June 11, 2007 / 1:34 PM / 10 years ago

ESPN buys world's biggest cricket Web site

<p>West Indies' Shivnarine Chanderpaul (C) plays a shot against England at Old Trafford in Manchester, northern England, June 10, 2007. Walt Disney's ESPN is buying cricinfo, the world's largest specialist cricket Web site, as it expands beyond its traditional strengths of American football, basketball, baseball and Nascar.Nigel Roddis</p>

LONDON (Reuters) - Walt Disney Co's sports network ESPN is buying cricinfo, the world's largest specialist cricket Web site, as it expands beyond its traditional strengths of American football, basketball, baseball and Nascar.

The purchase from UK-based Wisden Group, best known for its Cricketers' Almanac, a sporting statistics bible which has been published every year since 1864, marks an important strategic move internationally by ESPN.

"We don't think of ourselves as an American sports television company. We think of ourselves as a large sports and media entertainment company that operates around the world," Russell Wolff, ESPN International executive vice president and managing director told Reuters.

"Cricket is growing in popularity inside the United States among a growing south Asian expatriate population".

The Bangalore-based (www.cricinfo.com) Web site was founded in 1993 and has more than 7 million monthly users.

Cricket for Walt Disney has traditionally meant a tiny green character with a top hat called Jiminy, the moral conscience of Pinochio in the 1940 cartoon of the same name.

Now, the U.S.-based entertainment giant is aiming to serve the growing interest in the sport in the United States among Asian expatriates, while also catering to its existing fan base in countries such as Britain, Pakistan, Australia and India.

Financial terms for the deal were not disclosed.

Cricket does not feature among the dozen-plus sports highlighted on the home page of www.espn.com Web site, but that could soon change.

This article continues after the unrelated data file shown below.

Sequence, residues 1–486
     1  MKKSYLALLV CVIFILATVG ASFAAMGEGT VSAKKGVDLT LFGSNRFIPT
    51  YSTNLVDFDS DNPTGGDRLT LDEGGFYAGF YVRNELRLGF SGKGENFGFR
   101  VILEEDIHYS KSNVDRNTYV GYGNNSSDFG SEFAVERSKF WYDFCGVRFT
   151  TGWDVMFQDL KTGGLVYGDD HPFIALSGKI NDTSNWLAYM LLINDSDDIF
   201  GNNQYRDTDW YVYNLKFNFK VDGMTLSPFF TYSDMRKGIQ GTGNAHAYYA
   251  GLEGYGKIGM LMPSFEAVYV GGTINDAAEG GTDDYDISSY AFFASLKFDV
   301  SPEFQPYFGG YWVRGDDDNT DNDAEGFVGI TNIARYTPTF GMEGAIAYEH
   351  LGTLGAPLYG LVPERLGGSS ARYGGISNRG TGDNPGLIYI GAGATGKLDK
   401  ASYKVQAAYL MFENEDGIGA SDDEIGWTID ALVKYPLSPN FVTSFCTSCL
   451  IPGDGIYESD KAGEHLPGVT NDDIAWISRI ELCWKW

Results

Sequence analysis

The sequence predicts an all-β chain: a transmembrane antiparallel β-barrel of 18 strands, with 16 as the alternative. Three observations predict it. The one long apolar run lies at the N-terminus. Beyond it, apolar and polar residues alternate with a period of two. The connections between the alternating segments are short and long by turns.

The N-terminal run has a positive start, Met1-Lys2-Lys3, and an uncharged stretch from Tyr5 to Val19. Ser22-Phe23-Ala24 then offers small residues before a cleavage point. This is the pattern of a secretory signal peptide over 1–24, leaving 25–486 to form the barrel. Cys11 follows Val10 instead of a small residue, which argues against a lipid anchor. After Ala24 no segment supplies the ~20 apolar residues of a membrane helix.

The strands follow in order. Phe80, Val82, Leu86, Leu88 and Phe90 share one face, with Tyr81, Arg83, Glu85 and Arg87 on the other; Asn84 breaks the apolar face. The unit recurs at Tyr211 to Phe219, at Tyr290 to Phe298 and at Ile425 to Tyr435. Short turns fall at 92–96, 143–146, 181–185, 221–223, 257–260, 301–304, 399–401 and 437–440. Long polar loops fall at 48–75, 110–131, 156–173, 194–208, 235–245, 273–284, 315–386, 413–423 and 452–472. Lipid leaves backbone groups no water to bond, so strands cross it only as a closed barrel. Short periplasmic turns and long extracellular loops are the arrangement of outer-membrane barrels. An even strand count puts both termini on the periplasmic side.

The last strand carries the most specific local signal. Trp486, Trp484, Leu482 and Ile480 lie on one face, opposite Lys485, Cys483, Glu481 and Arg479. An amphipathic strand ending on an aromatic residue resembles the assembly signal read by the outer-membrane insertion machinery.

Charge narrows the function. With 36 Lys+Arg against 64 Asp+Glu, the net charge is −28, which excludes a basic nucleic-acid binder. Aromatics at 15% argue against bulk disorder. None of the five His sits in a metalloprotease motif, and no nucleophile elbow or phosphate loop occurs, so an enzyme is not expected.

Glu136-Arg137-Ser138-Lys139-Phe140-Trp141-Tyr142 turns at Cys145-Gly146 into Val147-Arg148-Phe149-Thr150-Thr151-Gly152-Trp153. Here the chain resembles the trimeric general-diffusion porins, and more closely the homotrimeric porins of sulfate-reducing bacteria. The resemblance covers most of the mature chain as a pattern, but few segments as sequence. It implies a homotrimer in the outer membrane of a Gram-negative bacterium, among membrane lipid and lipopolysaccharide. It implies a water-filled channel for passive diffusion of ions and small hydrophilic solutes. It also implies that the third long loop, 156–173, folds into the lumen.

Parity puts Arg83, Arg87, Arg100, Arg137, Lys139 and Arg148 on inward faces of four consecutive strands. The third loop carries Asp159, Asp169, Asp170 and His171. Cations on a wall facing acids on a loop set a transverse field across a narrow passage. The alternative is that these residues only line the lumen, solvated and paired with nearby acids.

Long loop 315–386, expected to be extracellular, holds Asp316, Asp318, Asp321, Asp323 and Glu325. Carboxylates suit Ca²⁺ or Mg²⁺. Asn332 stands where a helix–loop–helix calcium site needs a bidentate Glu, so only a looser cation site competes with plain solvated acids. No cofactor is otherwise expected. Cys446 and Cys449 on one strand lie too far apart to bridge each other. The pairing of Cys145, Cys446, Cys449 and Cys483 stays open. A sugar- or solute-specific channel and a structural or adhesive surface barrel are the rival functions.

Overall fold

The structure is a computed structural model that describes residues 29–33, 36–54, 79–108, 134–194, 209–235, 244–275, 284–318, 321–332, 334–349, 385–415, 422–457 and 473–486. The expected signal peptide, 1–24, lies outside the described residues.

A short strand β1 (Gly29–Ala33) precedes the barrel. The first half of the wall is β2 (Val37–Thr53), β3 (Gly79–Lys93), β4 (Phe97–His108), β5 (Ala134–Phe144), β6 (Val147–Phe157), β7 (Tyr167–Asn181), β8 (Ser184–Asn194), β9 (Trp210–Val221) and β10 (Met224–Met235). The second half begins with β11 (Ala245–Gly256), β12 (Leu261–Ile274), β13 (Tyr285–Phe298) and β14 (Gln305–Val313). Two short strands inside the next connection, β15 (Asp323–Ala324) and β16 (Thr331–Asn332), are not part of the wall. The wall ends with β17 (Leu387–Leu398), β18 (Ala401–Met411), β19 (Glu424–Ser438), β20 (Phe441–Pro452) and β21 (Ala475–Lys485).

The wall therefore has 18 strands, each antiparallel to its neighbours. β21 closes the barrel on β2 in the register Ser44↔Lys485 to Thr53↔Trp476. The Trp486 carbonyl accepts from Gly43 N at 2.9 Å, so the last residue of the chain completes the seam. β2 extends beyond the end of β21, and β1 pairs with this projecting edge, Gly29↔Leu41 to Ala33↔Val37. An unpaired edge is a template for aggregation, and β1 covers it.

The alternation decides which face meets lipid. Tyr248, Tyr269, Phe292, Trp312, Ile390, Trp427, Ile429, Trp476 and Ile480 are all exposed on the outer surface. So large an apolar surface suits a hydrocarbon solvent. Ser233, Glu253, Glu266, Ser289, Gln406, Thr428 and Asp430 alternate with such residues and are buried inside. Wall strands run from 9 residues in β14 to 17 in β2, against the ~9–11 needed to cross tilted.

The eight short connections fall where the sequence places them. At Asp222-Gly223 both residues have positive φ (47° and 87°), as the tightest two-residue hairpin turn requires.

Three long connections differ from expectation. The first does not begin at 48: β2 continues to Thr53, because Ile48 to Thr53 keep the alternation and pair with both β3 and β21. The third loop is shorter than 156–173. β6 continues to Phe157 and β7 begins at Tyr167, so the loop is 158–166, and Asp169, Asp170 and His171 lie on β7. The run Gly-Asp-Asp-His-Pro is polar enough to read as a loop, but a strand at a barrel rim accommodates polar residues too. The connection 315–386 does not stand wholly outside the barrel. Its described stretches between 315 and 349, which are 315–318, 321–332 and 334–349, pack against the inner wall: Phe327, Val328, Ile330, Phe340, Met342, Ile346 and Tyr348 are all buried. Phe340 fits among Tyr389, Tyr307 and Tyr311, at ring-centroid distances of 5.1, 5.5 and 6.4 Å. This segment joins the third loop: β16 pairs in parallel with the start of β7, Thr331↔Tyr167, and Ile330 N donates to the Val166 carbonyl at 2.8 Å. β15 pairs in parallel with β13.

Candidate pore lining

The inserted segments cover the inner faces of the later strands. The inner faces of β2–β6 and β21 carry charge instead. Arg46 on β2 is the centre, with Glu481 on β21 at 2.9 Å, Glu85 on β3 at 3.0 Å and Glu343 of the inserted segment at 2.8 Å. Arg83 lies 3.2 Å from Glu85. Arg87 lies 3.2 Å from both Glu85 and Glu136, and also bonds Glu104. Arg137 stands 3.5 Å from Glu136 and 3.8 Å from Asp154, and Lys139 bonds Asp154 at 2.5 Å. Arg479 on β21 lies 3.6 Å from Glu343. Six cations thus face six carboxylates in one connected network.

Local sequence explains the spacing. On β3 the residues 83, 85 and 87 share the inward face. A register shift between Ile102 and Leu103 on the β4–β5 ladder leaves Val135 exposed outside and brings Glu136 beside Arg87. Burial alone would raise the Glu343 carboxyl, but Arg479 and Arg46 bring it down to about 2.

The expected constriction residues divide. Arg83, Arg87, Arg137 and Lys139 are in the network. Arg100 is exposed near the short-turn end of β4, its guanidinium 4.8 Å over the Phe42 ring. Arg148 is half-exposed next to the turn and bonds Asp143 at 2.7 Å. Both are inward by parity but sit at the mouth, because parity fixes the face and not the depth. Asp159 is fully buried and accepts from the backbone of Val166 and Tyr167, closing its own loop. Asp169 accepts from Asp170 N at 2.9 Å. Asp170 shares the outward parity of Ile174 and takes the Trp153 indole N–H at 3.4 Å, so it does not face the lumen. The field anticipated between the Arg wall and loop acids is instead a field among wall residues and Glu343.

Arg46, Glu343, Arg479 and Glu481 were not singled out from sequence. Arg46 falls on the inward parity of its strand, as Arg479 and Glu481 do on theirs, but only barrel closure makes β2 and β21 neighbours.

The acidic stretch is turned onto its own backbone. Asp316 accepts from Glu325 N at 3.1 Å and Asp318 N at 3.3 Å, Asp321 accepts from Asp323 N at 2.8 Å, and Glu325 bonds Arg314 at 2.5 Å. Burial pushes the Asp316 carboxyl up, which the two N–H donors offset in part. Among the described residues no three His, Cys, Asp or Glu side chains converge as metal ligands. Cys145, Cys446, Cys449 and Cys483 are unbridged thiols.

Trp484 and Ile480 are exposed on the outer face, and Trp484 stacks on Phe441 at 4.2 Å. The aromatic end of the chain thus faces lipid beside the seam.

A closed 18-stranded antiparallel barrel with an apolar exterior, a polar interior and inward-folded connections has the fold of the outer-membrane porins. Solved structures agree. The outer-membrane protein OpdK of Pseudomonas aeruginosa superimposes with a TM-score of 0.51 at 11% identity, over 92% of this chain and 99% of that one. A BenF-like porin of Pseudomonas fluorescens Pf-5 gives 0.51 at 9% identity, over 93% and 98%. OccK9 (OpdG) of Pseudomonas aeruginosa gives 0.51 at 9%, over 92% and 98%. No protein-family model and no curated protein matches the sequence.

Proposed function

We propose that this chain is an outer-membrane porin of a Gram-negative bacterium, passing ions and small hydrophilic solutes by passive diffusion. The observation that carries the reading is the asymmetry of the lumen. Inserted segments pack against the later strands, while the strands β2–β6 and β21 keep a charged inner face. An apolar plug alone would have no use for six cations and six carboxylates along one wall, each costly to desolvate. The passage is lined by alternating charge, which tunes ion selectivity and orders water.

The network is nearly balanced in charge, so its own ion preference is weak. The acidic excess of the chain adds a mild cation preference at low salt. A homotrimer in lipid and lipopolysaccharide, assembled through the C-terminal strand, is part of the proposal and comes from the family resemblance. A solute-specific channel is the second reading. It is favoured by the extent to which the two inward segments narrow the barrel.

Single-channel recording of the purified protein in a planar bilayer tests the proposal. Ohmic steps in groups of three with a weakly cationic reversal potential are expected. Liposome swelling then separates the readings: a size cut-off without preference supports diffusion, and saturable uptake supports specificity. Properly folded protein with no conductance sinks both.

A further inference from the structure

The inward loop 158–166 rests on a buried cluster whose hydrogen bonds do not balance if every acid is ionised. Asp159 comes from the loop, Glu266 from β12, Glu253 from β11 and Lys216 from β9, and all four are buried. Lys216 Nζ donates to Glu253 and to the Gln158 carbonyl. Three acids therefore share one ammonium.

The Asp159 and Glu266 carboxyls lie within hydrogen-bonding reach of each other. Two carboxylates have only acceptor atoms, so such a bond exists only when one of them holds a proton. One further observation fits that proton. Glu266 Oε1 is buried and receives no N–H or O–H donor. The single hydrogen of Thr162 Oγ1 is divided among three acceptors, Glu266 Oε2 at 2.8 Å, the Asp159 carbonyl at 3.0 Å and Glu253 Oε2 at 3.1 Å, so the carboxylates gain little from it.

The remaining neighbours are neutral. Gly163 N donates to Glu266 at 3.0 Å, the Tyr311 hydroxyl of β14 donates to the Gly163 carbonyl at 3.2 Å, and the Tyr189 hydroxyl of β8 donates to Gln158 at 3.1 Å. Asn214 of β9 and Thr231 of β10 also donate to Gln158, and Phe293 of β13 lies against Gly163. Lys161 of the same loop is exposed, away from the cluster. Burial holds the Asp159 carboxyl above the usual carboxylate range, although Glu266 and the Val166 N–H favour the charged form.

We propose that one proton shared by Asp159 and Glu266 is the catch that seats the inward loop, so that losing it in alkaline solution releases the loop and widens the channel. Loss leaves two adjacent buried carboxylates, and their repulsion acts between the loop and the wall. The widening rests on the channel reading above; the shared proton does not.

In December, sports broadcaster ESPN Star Sports won the right to telecast matches organized by the International Cricket Council for eight years starting late 2007.

Unconfirmed reports at the time said the broadcaster, in which ESPN is a 50:50 joint venture partner with News Corp.'s Star TV, paid around $1.1 billion for the rights.


ESPN Star Sports is already a large rights holder for cricketing matches globally and is the largest broadcaster of the sport in India, while ESPN itself has had exposure to the Indian cricket market via an exclusive rights deal with the Board of Control for Cricket in India in the early 1990s.

ESPN has 33 television networks outside the United States as well as Web sites and radio businesses around the world.

ESPN Europe, Middle East and Africa Managing Director Lynne Frank said cricinfo had around 100 staff, adding that Wisden CEO Tom Gleeson would continue to run the site as managing director.

The business, which also publishes on mobiles and Internet portals, has been growing its statistics database involving ball-by-ball coverage of test and one-day internationals along with news and features by leading cricket writers.

Connecticut-based ESPN is 80-percent owned by the ABC network, a Disney subsidiary, with the Hearst Corp. owning the remaining 20 percent.

Disney's Chief Financial Officer Tom Staggs told journalists while on a visit to London on Friday that a core part of the company's Internet activities and acquisitions strategy was to marry key content and brands.

"Since we are a content company one of the things we are trying to make sure is that we have got vibrant content, creation engines around the company," Staggs said.

Mark Getty, a director of Wisden and a son of deceased cricket-loving billionaire philanthropist Paul Getty, said in a statement that the group would continue to focus on its Hawk-Eye sports technology business, primarily in cricket and tennis.

Hawk-Eye is a ball-tracking technology which will be used for the first time later this month at London's Wimbledon tennis tournament as a aide to help umpires making calls on serves.

Additional reporting by Rina Chandran in Mumbai

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